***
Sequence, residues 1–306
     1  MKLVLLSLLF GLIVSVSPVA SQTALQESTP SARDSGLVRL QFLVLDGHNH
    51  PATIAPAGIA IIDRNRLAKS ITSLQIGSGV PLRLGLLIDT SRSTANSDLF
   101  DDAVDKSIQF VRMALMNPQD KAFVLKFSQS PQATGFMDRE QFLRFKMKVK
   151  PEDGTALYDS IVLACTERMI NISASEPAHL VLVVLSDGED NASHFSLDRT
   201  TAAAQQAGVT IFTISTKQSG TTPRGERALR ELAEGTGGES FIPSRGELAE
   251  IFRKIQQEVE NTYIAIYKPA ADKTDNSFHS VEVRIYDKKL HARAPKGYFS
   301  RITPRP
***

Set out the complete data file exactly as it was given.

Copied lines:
Sequence, residues 1–306
     1  MKLVLLSLLF GLIVSVSPVA SQTALQESTP SARDSGLVRL QFLVLDGHNH
    51  PATIAPAGIA IIDRNRLAKS ITSLQIGSGV PLRLGLLIDT SRSTANSDLF
   101  DDAVDKSIQF VRMALMNPQD KAFVLKFSQS PQATGFMDRE QFLRFKMKVK
   151  PEDGTALYDS IVLACTERMI NISASEPAHL VLVVLSDGED NASHFSLDRT
   201  TAAAQQAGVT IFTISTKQSG TTPRGERALR ELAEGTGGES FIPSRGELAE
   251  IFRKIQQEVE NTYIAIYKPA ADKTDNSFHS VEVRIYDKKL HARAPKGYFS
   301  RITPRP